[hist-analytic] Proposal for a New Paradox of Determinism: Contra Libet

Baynesr at comcast.net Baynesr at comcast.net
Mon Jun 6 12:17:38 EDT 2011

Here is something I came up with in considering some work by Libet. 

One should add to the ethical question of moral responsibility under determinism the question of social responsibility. If it turns out that behavior is out of the control of conscious intention, then responsibility for individual actions may not be justified, although this is not a forgone conclusion. But if determinism applies, then individuals are not culpable for ignoring social justice. If individual actions are beyond blame, then to the extent that social justice depends on the moral character of individuals in the community, it becomes deprived of a foundation. If it is argued that social justice is a formal notion and doesn’t depend on actions based on comprehensive moral views, the fact remains that no one can be blamed for ignoring social justice. There is a point to be made with a sidelong glance towards Kantian constructionism in ethics: If I cannot will that punishment or criticism be levied against social justice offenders be a universal law of *nature* not only will determinism require releasing all prisoners of crimes against persons but exoneration for those who promote genocide based, to take on example, on “ethnic cleansing.” But this is only part of the story.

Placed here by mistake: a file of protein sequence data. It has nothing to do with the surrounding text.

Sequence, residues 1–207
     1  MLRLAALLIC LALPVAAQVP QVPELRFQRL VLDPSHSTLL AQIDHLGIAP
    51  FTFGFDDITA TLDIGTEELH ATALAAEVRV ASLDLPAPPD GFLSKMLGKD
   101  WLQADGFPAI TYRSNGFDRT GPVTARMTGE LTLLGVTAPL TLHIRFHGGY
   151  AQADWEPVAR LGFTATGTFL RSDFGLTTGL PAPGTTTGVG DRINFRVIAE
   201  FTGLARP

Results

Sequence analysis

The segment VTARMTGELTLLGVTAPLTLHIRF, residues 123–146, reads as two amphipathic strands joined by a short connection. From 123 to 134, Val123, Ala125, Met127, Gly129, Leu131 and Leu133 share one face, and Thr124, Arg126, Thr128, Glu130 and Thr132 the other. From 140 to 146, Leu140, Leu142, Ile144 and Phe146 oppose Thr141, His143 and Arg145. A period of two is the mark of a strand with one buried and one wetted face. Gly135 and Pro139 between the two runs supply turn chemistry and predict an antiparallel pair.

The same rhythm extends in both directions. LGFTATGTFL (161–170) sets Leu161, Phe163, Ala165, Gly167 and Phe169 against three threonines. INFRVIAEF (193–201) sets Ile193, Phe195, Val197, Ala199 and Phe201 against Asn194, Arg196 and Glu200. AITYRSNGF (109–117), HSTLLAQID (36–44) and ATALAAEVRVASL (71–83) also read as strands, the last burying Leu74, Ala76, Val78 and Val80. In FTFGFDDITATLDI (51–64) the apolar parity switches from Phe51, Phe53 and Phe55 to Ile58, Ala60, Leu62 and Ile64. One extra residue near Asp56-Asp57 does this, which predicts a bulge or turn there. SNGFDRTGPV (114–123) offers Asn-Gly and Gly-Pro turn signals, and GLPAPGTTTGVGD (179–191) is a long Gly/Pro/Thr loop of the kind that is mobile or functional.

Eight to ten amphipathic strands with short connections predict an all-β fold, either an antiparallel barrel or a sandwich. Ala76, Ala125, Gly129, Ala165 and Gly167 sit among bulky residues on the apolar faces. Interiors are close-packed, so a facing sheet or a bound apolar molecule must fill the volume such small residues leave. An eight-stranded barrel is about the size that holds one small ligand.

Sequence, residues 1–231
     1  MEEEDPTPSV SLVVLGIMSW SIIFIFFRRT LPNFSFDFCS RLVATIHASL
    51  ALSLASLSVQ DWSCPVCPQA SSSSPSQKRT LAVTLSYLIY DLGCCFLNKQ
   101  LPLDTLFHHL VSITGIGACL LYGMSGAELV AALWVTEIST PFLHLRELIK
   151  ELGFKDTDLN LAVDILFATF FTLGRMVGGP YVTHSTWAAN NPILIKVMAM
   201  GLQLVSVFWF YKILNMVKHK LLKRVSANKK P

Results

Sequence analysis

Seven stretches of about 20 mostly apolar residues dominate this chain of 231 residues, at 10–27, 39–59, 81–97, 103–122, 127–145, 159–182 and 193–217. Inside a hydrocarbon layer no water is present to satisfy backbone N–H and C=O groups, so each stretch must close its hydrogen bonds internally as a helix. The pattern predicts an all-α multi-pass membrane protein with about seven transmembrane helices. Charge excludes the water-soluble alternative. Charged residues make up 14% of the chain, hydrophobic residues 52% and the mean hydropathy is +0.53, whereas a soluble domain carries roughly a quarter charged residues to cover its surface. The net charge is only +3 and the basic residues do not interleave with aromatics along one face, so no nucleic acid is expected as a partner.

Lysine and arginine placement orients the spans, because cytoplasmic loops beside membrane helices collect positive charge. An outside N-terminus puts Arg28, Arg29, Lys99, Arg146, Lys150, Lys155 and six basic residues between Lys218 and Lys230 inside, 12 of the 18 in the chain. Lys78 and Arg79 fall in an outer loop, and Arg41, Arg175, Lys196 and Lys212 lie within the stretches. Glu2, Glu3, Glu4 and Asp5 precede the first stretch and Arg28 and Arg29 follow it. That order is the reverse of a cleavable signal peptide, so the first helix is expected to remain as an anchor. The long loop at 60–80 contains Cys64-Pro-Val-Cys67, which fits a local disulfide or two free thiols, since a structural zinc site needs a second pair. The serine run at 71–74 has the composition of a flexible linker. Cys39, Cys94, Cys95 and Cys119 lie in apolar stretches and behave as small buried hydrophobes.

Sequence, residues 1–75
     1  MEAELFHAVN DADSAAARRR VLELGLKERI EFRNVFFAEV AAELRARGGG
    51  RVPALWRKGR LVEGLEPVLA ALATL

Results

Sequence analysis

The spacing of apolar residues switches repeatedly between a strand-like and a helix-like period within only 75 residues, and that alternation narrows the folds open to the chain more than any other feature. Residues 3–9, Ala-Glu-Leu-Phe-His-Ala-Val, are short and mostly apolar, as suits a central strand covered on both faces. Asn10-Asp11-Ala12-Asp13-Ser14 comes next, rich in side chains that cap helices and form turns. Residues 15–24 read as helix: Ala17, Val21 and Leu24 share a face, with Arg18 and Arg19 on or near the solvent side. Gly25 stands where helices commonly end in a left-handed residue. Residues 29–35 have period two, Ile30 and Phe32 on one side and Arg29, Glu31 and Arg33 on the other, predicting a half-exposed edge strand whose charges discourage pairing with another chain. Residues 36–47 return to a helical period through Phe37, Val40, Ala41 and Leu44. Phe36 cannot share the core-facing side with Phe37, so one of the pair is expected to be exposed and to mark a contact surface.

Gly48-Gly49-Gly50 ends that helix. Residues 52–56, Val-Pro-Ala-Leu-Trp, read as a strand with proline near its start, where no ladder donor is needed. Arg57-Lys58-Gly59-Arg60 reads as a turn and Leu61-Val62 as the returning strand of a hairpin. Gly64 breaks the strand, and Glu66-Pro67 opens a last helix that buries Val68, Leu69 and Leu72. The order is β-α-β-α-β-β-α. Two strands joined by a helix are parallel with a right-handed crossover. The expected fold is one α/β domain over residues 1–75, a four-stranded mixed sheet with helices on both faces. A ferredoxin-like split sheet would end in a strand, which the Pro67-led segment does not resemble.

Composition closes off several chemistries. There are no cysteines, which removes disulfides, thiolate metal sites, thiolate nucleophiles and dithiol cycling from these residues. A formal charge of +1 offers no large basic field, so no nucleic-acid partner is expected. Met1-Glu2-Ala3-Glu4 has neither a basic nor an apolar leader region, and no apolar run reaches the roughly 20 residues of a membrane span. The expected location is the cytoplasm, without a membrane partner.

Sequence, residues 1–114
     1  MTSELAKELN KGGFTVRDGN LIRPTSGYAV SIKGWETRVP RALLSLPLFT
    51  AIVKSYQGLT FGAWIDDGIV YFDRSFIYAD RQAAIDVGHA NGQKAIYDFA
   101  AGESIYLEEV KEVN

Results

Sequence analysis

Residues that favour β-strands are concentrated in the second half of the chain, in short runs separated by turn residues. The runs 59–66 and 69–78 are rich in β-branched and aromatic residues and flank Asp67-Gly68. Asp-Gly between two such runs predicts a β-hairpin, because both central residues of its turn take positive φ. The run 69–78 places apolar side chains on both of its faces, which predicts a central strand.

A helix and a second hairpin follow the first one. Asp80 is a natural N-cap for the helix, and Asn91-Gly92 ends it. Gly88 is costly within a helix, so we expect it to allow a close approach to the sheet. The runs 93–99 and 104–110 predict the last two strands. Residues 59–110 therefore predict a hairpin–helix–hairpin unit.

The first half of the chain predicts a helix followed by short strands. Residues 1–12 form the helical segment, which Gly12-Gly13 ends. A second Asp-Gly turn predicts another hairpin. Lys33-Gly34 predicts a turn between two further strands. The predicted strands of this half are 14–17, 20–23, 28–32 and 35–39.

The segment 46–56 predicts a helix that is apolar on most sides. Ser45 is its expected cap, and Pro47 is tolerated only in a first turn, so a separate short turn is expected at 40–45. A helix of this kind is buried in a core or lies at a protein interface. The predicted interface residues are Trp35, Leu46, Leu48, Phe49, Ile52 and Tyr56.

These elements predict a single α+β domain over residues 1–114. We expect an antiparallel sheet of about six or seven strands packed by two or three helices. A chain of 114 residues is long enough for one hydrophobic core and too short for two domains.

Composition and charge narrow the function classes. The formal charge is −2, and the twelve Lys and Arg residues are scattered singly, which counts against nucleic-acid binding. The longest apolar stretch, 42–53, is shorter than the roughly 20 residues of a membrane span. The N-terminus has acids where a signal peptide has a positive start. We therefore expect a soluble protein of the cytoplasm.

If determinism deprives us of our social responsibility as well as the criminals responsibility for his action, then we are not culpable for not releasing the prisoners. In other words, determinism neither implies letting the prisoners go nor convicting them in the first place. Determinism leaves everything is this regard alone. The criminal says “My brain made me do it.” The judge sentences him to death, saying, “My brain is making me do this.” In addition, the institutions based on social justice considerations will fall, just as the institution of promising would disappear were promise keeping to be ignored by individual agents. This “paradox of determinism” is insoluble, suggesting that the claims of determinism in the ethical arena be ignored as impotent. If a person can never be blamed for violating a principle, the principle is nonbinding. 

Steve Bayne 

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